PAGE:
Pretreatment Level of Red Cell Distribution Width as a Prognostic Indicator for Survival in a Large Cohort Study of Male Laryngeal Squamous Carcinoma
Conclusion: Higher pretreatment RDW levels were demonstrated to be associated with poor clinical outcome in male LSCC patients and might be novel markers for patient stratification in LSCC management. Introduction Laryngeal cancer is one of the most common cancers of the head and neck, of which the estimated crude incidence and mortality rates in China were 1.86/100,000 and 1.01/100,000, respectively (1). This disease has a male predominance with a male-to-female ratio of 20 to 30:1 in China (2). The most commonly observed histological type of laryngeal cancer is laryngeal squamous cell cancer (LSCC), accounting for 95% of cases involving the stratified squamous epithelial lining of the larynx (3, 4). Despite improvements in diagnosis and treatment in the last four decades, there was an absence of a significant change in the 5-year overall survival (OS) rate for larynx cancer patients (5). Several prognostic factors have been identified to predict prognosis in LSCC patients, such as tumor size, histological subtype or grade, vascular invasion, and lymph node metastases. However, the majority of these factors can only be assessed after surgery. Although “omics”-based technology has enhanced our perception of possible risk factors, prognoses and/or responses to treatment biomarkers, the validation of novel molecular biomarkers is associated with high costs, time-consuming procedures, and laboratory efforts. Therefore, a simple, rapid, reliable, and cheap pret...
Publication date: Available online 19 September 2020Source: International Journal of Surgery Case ReportsAuthor(s): Gabriel Fridolin Hess, Katharina Glatz, Sacha I. Rothschild, Otto Kollmar, Savas Deniz Soysal, Daniel T. Boll, Raoul André Droeser, Robert Mechera
Publication date: Available online 19 September 2020Source: European Journal of Surgical OncologyAuthor(s): Robert A. Nagourney, Steven Evans, Peter H. Tran, Adam J. Nagourney, Paul H. Sugarbaker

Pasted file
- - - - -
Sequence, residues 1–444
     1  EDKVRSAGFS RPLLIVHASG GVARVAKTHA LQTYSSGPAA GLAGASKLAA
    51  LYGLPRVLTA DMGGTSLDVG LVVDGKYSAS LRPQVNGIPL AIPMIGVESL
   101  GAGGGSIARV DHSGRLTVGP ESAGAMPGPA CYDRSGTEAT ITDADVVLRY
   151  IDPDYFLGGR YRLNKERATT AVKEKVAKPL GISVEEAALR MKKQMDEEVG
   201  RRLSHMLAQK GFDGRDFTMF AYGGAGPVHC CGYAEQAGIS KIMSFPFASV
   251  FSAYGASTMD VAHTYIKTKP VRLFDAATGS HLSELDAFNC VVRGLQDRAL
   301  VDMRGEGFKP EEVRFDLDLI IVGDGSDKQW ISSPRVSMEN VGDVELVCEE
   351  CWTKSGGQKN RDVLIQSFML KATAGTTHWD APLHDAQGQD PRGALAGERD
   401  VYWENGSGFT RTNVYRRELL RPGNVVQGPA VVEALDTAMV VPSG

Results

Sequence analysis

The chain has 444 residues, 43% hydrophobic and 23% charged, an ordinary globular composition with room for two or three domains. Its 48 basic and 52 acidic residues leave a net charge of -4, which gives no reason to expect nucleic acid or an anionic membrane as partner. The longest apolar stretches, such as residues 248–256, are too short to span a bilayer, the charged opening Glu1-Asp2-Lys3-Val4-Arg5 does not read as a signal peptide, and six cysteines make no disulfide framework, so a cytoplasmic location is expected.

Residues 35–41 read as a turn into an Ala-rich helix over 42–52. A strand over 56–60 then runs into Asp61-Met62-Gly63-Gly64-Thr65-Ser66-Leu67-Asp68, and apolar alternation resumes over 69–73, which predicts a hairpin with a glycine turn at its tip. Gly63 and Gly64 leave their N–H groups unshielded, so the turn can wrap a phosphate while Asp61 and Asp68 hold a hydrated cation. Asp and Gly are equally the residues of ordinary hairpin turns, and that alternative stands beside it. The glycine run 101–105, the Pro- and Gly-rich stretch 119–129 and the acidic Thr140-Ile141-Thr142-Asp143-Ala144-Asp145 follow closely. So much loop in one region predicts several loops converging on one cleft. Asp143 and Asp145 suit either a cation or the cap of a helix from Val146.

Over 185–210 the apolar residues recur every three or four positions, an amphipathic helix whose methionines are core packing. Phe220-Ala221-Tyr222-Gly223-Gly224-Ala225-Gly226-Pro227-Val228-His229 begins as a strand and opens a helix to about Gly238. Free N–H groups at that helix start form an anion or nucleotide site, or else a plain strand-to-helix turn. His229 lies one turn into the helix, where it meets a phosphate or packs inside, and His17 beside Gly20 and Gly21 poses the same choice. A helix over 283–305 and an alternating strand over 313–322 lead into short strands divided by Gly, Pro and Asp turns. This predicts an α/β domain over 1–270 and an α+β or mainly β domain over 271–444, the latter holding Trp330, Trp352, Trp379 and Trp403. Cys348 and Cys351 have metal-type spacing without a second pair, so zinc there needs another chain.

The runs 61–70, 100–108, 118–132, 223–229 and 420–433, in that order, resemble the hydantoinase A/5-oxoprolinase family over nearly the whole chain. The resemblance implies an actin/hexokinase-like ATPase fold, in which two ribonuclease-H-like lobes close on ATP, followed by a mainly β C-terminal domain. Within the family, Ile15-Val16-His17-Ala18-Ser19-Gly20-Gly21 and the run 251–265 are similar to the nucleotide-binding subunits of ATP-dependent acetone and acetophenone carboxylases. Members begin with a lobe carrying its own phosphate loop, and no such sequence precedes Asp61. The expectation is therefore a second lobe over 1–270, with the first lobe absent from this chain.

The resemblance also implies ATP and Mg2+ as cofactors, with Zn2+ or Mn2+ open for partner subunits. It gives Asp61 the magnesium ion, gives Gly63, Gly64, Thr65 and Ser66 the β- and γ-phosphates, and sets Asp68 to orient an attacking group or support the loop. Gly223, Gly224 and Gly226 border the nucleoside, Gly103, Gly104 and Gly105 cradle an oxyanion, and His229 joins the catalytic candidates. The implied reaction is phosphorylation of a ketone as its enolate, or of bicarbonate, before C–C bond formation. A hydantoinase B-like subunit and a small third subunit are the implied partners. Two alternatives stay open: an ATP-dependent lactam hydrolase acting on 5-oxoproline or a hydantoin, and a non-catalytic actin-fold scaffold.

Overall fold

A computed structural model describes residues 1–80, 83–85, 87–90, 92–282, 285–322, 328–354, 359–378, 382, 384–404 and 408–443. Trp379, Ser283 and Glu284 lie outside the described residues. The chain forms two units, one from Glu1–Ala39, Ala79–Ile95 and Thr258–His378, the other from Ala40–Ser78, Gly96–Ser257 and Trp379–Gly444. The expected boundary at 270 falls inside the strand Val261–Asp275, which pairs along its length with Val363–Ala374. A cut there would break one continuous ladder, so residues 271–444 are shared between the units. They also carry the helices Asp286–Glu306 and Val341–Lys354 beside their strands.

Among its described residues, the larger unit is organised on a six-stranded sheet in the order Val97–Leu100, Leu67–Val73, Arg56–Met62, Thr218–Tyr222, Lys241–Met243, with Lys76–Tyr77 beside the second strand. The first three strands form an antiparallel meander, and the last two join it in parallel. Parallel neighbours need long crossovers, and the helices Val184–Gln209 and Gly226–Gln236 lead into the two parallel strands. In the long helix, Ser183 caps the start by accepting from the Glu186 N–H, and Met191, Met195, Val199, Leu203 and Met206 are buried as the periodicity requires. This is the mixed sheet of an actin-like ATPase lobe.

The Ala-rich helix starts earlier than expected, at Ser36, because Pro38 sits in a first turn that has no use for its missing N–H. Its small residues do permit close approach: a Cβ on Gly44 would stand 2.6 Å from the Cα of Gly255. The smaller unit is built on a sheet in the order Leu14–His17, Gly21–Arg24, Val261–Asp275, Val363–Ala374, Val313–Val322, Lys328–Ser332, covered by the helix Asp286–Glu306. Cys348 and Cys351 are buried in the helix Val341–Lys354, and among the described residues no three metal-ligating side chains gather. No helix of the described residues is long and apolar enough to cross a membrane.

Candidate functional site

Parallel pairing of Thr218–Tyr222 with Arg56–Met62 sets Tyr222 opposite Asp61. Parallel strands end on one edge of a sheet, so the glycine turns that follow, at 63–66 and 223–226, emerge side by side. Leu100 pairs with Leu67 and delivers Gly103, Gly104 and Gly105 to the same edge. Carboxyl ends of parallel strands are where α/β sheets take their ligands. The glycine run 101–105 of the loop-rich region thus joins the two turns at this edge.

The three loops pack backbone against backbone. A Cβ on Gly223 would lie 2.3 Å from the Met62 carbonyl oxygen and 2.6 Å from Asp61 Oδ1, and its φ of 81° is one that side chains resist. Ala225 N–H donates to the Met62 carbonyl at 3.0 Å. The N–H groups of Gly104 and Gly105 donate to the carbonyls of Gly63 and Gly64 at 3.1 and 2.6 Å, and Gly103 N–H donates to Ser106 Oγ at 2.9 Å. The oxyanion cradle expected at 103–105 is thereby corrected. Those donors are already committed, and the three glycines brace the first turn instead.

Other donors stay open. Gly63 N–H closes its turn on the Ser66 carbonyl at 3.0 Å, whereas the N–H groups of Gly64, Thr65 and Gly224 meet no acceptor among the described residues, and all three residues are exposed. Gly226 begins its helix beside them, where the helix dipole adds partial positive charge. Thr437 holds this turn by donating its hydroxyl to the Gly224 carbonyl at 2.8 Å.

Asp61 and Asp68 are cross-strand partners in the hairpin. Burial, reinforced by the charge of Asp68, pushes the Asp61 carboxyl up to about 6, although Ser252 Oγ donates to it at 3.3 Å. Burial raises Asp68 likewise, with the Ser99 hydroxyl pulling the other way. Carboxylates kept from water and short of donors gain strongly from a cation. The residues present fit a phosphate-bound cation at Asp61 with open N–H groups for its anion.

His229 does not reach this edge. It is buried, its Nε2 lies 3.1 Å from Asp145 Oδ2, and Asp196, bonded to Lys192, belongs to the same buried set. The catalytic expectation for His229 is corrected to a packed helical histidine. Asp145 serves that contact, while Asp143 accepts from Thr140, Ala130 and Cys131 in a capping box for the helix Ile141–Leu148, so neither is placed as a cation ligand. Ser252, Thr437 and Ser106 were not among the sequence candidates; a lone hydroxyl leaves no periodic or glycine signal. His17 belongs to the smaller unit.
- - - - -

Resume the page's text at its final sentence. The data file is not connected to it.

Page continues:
Publication date: Available online 19 September 2020Source: European Journal of Surgical OncologyAuthor(s): Loek A.W. de Jong, Nielka P. van Erp, Philip R. de Reuver
Publication date: Available online 19 September 2020Source: European Journal of Surgical OncologyAuthor(s): W.J. Koemans, J.W. van Sandick, A.D.R. Huitema
CONCLUSION: Splenic fibrosis progresses along with advancement of PH. Cygb-expressing cells in the splenic cord possibly participate in this process through mechanisms including oxidative stress. PMID: 32945524 [PubMed - as supplied by publisher]
Authors: Teng M, Zhou S, Cai C, Lupien M, He HH Abstract Prostate cancer is the most commonly diagnosed non-cutaneous cancers in North American men. While androgen deprivation has remained as the cornerstone of prostate cancer treatment, resistance ensues leading to lethal disease. Forkhead box A1 (FOXA1) encodes a pioneer factor that induces open chromatin conformation to allow the binding of other transcription factors. Through direct interactions with the Androgen Receptor (AR), FOXA1 helps to shape AR signaling that drives the growth and survival of normal prostate and prostate cancer cells. FOXA1 also possesse...
Publication date: Available online 19 September 2020Source: The Journal of Molecular DiagnosticsAuthor(s): Iris van ’t Erve, Marjolein J.E. Greuter, Karen Bolhuis, Daan C.L. Vessies, Alessandro Leal, Geraldine R. Vink, Daan van den Broek, Victor E. Velculescu, Cornelis J.A. Punt, Gerrit A. Meijer, Veerle M.H. Coupé, Remond J.A. Fijneman
Publication date: Available online 19 September 2020Source: Pathology - Research and PracticeAuthor(s): Nazila Fathi Maroufi, Nima Ashouri, Zohreh Mortezania, Zahra Ashoori, Vahid Vahedian, Mohammad Taher Amirzadeh-Iranaq, Amir Fattahi, Hamid Kazemzadeh, Mariano Bizzarri, Maryam Akbarzadeh, Hamid Reza Nejabati, Yousef Faridvand, Mohammad-Reza Rashidi, Mohammad Nouri
Publication date: September 2020Source: Human Pathology: Case Reports, Volume 21Author(s): Yuri Noda, Yuko Nakanishi, Ayaka Izui, Hiroyo Takahashi, Chiya Oshiro, Hideo Inaji, Masaru Yamasaki
Conclusion: A nisin-producing probiotic, can be used to treat 'disease-altered' biofilms and promote healthier oral biofilms, which may be useful for improving patient oral health. PMID: 32944159 [PubMed]
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